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One of the biggest complaints hiring managers has is their inability to find and keep great full-time employees. Our country's unemployment rate stands at 3.6% as of May 2019, which matches the previous month's forty-nine year low and market expectations. Despite this reality, managers are attempting to hire for a specific "fit," but that's not a good strategy.
It isn't uncommon for potential candidates and employers to be misrepresentative of themselves in the market. Those hunting for jobs undergo training regarding their behavior when in the company of people who hold positions of authority while they're in school. So, when they walk through an employer's door, this may not be an authentic version of themselves.
The same occurs on the employer's side of the desk. Rarely do they provide full details of what the candidate can expect from the position or the reason for the opening. The previous employee may have left because the job was too demanding or terrible raises, but the employer will pepper the conversation with phrases with, "great advancement opportunities," or "wonderful opportunity," instead.
When employers withhold information from potential candidates, they're losing out on great people. They'll become annoyed or frustrated that this critical information was withheld from them and, in some cases, leave the position. Correcting staffing issues begins by hiring people who care and providing them with complete and accurate information regarding what they're about to embark upon in their new position.
Hiring managers can take several steps toward improving their odds of recruiting and retaining great employees. Here are some steps to implement:
Recruiting may involve more than one interview. Therefore, look through your interviews and take note of those who emphasized their desire to do a good job and make those candidates your priority. Those are the employees you want to pay the most attention to--your high performers. Instead of trying to fix poor performers, reward your high or highest performers, and lift the team.
Asking the right interview questions is critical. According to research conducted by Leadership IQ, within eighteen months, 46% of newly hired employees will experience failure. When looking more closely at this survey, it reports that 26% of these new hires are failing because they can't implement or accept feedback. The wrong job temperament for the job make up 15% of these job failures, and 11% are for skill deficiencies. So, what these statistics mean are, the interview questions found candidates with the right skill set, but the wrong emotional intelligence.
Therefore, hiring managers can solve this by redeveloping their interview questions. They can ask questions like, "If I were to call someone whose life you positively changed, what would they say about you?" Follow this question up with something like, "When working on this solution, what role did you play?" If they're unable to recognize their contribution, they'll have the same difficulties in your company.
No one likes the idea of terminations, but they're necessary. All employees experience a bad day from time to time. However, several bad months stacking up is something management shouldn't be tolerating. Your employees should be consistently working toward creating great impressions not only for you but the company as a whole. Look at how hard they're trying in the beginning. Think about that and, if that's not their current performance, then it's likely not going to improve six or nine months from now.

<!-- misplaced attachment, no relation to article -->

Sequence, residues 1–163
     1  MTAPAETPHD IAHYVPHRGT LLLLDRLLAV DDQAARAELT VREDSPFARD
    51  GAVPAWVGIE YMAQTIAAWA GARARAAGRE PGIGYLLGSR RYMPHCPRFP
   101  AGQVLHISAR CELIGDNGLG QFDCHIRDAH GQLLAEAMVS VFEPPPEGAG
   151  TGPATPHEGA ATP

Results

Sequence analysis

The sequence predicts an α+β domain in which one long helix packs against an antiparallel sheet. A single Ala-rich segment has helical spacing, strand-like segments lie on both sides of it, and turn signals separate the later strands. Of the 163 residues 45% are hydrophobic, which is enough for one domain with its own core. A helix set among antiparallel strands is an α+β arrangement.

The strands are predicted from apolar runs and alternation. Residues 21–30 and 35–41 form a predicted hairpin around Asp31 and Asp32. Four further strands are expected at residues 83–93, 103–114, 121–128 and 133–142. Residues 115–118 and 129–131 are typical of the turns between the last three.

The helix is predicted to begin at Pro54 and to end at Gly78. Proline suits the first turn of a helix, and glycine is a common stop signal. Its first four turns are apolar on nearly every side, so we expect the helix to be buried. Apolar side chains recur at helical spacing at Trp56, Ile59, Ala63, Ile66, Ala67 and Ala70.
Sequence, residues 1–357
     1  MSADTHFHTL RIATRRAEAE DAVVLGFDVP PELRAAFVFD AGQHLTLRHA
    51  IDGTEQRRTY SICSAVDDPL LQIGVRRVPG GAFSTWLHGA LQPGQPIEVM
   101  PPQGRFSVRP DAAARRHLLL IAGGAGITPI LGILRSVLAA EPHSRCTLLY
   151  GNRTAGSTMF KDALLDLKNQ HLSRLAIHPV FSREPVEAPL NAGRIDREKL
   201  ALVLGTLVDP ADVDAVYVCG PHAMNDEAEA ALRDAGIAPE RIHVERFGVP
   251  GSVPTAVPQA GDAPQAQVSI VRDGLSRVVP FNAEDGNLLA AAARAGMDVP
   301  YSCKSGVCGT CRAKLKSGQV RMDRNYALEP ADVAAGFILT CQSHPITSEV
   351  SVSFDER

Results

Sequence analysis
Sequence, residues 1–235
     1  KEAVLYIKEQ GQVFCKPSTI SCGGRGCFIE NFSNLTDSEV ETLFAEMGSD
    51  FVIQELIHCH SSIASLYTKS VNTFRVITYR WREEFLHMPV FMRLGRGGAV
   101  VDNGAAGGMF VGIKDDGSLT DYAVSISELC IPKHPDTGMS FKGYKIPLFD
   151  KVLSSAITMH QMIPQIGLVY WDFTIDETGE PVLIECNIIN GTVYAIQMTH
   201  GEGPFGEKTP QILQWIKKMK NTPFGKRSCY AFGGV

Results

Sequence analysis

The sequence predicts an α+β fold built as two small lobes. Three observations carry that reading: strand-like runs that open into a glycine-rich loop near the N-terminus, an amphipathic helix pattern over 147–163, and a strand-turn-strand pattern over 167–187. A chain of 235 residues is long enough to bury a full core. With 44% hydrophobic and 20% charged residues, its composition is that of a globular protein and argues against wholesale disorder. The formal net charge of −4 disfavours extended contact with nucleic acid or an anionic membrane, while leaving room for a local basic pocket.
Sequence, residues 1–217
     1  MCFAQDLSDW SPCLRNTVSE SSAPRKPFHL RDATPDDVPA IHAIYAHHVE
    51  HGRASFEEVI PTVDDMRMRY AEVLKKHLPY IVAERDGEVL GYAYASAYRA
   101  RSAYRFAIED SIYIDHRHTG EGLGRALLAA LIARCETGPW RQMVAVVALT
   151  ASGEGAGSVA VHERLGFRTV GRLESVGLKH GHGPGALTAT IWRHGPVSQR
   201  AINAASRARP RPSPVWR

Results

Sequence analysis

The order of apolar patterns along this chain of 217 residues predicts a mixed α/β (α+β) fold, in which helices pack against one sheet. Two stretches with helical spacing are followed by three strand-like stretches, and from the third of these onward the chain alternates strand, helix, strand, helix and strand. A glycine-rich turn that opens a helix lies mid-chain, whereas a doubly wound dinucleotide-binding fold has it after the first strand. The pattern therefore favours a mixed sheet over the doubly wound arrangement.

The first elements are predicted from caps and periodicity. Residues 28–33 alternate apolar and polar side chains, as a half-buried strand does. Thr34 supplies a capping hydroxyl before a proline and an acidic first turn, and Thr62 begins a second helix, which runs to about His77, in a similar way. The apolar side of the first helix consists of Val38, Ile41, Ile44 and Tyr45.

What kind of workplace are you creating? Is it one your employees are looking forward to entering daily? If you want to recruit and retain great employees, it's your responsibility to create a workplace they want to come back to every workday. Great people aren't going to want to go back to a business management doesn't care about or isn't working in daily. Keep the environment inspired and remove all mediocre things. Otherwise, you'll risk losing candidates who will create the environment you're aiming to create.
Are you the reason why your company is experiencing a high turn-over rate? Yes, this is a tough question to answer. However, it must be examined if you want to hire and retain great people. Many hiring managers will blame others before taking responsibility for their poor decisions. That's a mistake because, if you're correcting errors and behaviors, then your candidate pool will experience significant improvements. Once you examine what's going on and take ownership of your part of the situation, you'll see the creation of a working environment that will succeed.
Don't forget to make sure your staff always feels well-appreciated. After candidates are settled into their new positions, saying thank you goes a long way. Adding monetary rewards, thank you gifts, and bonuses take that thank you even further. When you tie raises to achievement and accomplishments, your staff retention will increase more than any other action you can take.
Published on Jan 19, 2020
Hiring and retaining great full-time employees is a challenge for some managers. Given today’s unemployment rate, this doesn’t have to be the case. There are many opportunities for hiring managers to take a close look at their strategies, find the best candidates, and retain them. We’re going to discuss how.